The pavilions will showcase work by 50 designers in five different sections – design and art, the circular economy, industry and craftsmanship, technology and the transformative economy.
Each section is housed within its own mini pavilion formed from two semi-cylinders.
These consist of four metre-high curved walls, which can be placed separately or together to create a labyrinth of winding corridors and secluded alcoves.
Inside, the units' pinewood frame and construction are laid bare, while the convex exterior is clad in hundreds of small, overlapping wooden fins, adding up to around 220,000 across all five pavilions.
The wood was originally meant to be turned into the parade floats that are ceremonially burned as part of Valencia's historic Fallas festival every March, but the event was cancelled due to the coronavirus outbreak.
Instead, the wood was used for this installation, which is on view as part of the Madrid Design Festival until 14 March before becoming a travelling exhibition.
"Here in Valencia, we have a lot of traditional wood ateliers that create works for the Fallas festival," MUT Design co-founder Alberto Sánchez told Dezeen.
"But it was cancelled due to the pandemic and a lot of materials were left on the shelf. So we decided to collaborate with one of the ateliers to give a new life to the wood and create some work for the builders."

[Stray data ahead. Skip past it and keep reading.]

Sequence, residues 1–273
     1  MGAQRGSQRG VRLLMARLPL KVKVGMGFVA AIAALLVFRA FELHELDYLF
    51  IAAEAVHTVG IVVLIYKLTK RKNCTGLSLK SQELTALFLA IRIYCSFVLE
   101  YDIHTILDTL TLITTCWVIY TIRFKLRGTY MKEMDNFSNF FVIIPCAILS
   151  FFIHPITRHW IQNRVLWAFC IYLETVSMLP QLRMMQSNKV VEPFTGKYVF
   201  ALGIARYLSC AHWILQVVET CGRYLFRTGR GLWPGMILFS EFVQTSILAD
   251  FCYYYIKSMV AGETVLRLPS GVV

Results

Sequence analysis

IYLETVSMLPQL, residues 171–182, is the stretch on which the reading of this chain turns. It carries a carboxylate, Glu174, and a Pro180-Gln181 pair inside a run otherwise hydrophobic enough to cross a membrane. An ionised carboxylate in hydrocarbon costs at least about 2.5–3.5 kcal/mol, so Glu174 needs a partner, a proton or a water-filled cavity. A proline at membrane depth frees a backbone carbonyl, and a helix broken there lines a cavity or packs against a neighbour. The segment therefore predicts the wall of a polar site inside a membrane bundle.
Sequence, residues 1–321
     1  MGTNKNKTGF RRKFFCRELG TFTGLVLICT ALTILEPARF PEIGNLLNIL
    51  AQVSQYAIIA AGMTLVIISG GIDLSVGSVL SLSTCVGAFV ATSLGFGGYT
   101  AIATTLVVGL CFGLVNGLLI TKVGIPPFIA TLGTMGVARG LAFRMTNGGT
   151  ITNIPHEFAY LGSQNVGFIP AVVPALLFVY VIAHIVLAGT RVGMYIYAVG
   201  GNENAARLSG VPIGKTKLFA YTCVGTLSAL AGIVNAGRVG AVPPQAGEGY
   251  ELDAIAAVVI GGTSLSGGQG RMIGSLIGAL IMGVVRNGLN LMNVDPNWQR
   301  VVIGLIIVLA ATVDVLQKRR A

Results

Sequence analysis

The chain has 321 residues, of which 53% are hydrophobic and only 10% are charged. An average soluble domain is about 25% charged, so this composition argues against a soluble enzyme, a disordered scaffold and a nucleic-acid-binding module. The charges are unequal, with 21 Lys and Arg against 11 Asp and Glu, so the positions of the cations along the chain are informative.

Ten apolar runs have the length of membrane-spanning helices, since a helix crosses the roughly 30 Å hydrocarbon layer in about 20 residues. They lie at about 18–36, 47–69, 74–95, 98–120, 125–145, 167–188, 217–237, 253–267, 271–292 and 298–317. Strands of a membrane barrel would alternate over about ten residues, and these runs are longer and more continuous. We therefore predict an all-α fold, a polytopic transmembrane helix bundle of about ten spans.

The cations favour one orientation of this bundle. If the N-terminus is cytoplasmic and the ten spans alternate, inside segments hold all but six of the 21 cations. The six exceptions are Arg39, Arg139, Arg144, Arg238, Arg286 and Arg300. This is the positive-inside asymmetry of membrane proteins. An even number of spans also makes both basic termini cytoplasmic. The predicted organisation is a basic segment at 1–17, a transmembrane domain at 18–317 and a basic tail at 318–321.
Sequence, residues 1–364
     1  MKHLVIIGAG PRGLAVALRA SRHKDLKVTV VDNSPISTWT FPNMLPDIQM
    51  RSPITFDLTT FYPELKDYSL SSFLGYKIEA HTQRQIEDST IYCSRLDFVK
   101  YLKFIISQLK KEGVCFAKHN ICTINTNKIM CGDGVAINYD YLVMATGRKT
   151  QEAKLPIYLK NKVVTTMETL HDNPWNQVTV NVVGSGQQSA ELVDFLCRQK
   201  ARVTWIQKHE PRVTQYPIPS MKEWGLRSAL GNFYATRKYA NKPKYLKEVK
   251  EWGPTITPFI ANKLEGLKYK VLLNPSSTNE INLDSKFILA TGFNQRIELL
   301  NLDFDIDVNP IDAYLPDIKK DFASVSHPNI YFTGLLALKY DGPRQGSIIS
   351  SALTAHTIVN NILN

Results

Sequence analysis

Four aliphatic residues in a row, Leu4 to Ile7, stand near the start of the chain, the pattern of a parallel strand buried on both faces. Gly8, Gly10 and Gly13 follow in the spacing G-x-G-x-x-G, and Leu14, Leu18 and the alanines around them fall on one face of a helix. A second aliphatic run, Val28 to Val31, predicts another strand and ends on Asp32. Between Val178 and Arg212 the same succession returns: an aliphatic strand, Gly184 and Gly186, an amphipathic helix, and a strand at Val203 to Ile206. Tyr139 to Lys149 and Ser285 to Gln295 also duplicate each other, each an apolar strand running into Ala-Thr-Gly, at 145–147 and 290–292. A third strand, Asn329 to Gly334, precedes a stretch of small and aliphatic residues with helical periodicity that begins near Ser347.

Each scale was handmade by local woodworker Manolo García and trimmed to three standard sizes of 14, 16 and 18 centimetres. These were then lined up and alternated to create a textured surface not dissimilar to tree bark.
"We wanted to bring together tradition and the avant-garde while recovering something that is really ours – deeply rooted in our city," Sánchez explained.
Breaking each pavilion down into two semi-cylinders allows the individual units to be combined into "infinite compositions" that can be adapted to different spaces for the travelling exhibition.
"Because it is a travelling exhibition, we want to create one-of-a-kind experiences in each of the several places it will be visiting," Sánchez added.
The units were also designed to be taken apart into separate pieces, which can be stacked for ease of transport.
Contributors to the exhibition include designer Jaime Hayon, brands Andreu World and Expormim, and a number of emerging studios showing projects including self-ventilating graphene facades and homeware made from olive pits.
"We wanted to bring to Madrid a different selection of projects that are leading a silent transformation of society," explained Xavi Calvo, director of World Design Capital Valencia 2022.
MUT Design has previously collaborated with Expormim to create a chair modelled on the shape of a flower petal and an outdoor rug made from braided ropes, which were exhibited at the products fair of Dezeen's Virtual Design Festival.
Photography is by Ernesto Sampons.
Valencia Pavilion – The Future is Design is on view at the Fernán Gómez Cultural Centre as part of the Madrid Design Festival until 14 March 2021. See Dezeen Events Guide for an up-to-date list of architecture and design events taking place around the world.